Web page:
Putting a Point on Outlook Sucking (and MJML Ruling)

The CodePen Spark is a fairly big deal for CodePen. It goes out every week to millions of developers. The 2nd most popular email client to open The Spark is Outlook, just behind Gmail. You probably know this: Outlook is the worst. It’s solely the thing that keeps HTML email development painful. The thing that requires <table> markup because of how many limitations it has. Without it, HTML email development could take a leap forward.

Just “Outlook” isn’t quite fair though, it’s “Outlook that uses the Microsoft Word rendering engine”, which is a subset of Outlook email clients. The gist of it is: Outlook as a Native Windows app. If it’s on Mac, it’s fine. If it’s on the web, it’s fine. But Outlook on Windows is still mega popular, so here we are. Let’s hope One Outlook actually pans out. I’ll just continue to say “Outlook” in this post, but what I mean is the bad Outlook(s).

In our latest CodePen Spark template, I basically ignored Outlook. I used normal <div>s and CSS and essentially designed a simple modern website, media queries and all, as the email. But we got just enough reports from Outlook users that it bugged me. The layout wasn’t just a little bad, it was super duper bad.

Good Gmail
Bad Outlook

So I figured I’d try to fix it. I didn’t feel good to leave behind what I consider pretty normal and mostly semantic markup for whatever the hell Outlook needs, but hey, the job is delivering good experiences, not theoretical purity.

MailChimp has some very old but very still functional email templates on GitHub, so I started there. Look at that beauty. That would work for our basic 2-column format. I started with this and actually got pretty far just doing it all by hand. I’d make a bunch of changes trying to get the template in shape, then test it all in Litmus to check if I was on the right track.

This was going fine for a while, it just was finicky as all hell. After poking around at it for weeks trying to get it into really solid shape, I ultimately decided all this was just way too much technical debt to take on. The complication was too high, I would be the only one who really understood what mattered in this massive awkward template, and maintaining it would be too much to ask.

MJML has been on my radar for a while, so I thought I’d give that a go instead. Rather than author directly in HTML, you use tags like <mj-section> and <mj-image> and it processes into HTML that is Outlook friendly.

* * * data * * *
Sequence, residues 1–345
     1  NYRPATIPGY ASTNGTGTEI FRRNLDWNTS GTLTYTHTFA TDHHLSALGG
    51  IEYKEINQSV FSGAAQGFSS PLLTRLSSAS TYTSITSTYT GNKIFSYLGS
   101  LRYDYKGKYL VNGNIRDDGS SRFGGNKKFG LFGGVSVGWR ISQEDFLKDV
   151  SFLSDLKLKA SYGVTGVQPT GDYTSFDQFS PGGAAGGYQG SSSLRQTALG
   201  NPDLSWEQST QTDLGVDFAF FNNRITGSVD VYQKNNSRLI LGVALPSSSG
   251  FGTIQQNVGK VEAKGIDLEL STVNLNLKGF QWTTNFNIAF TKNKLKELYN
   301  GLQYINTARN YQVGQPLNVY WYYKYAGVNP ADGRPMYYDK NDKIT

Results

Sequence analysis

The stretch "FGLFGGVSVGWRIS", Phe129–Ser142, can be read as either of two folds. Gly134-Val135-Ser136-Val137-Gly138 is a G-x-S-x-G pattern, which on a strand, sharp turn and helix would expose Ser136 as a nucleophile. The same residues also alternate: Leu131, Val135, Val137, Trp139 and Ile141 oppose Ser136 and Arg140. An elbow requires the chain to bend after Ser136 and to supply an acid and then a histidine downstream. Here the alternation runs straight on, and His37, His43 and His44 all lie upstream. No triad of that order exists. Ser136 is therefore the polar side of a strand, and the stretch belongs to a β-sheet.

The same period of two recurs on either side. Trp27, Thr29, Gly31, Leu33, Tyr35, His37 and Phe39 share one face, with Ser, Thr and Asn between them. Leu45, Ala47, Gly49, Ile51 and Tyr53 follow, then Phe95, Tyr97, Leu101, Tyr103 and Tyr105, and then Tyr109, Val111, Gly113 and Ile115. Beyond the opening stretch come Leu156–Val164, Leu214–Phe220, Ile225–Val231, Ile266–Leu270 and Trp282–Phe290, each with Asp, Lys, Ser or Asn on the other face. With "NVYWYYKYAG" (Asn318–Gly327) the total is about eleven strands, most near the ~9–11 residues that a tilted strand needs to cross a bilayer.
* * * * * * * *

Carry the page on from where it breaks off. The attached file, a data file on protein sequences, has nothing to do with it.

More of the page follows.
The fact that you can author the email with a preview right in VS Code is pretty damn great. But most importantly, despite MJML being yet-another-tool-in-the-chain, I think the technical debt is quite a bit lower.

  • It took the new email template I was working on from something like 800-900 lines of code to 160 of easy-to-look-at code.
  • I was able to break off some of the bespoke CSS into a separate file, which is just cleaner to work with.
  • MJML has actual documentation.

Anyway, I’d consider it a big win. (Sorta tempted to keep piling on and try Mailing too, which is MJML under the hood but abstract and adds with React + Typescript, but enough tooling for one round).

But again why did we have to go down this road? Outlook. Bad.

I feel like it’s worth putting a clear point on:

  • You cannot use normal <div>s because Outlook ignores CSS applied to them. Like width and padding. So you can’t use them as nice section chunks and definitely not as columns parents. So when people say “HTML email still uses tables!” they mean it, you literally have to use <table> and children to do even basic styling of things.
  • You have to add the width attribute directly on images. It ignores CSS applied to images (no width, no padding, no margin), so you can’t count on CSS to help control the layout of images. Forget one, it’ll probably destroy your entire email.
  • Now that you’ve just learned to use like width="600" on images, don’t do that on anything else. If you need to assign a width to, say, a <table> you should do <table style="width: 600px;"> because of awkward auto-scaling issues that can kick in.
  • Don’t expect anything fancy whatsoever. Don’t try the checkbox hack. Even animated GIFs don’t work.

Surely there are more, but those things alone are just the worst. The make hand-authoring dang near out of the question to me, since it’s ridiculously error-prone.


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One response to “Putting a Point on Outlook Sucking (and MJML Ruling)”

  1. Alex Ivanovs says:

    I don’t do email marketing myself, but it seems ridiculous that Outlook is so popular yet so incompatible.

    And this has me wondering if that is the case – how come so many devs use it?

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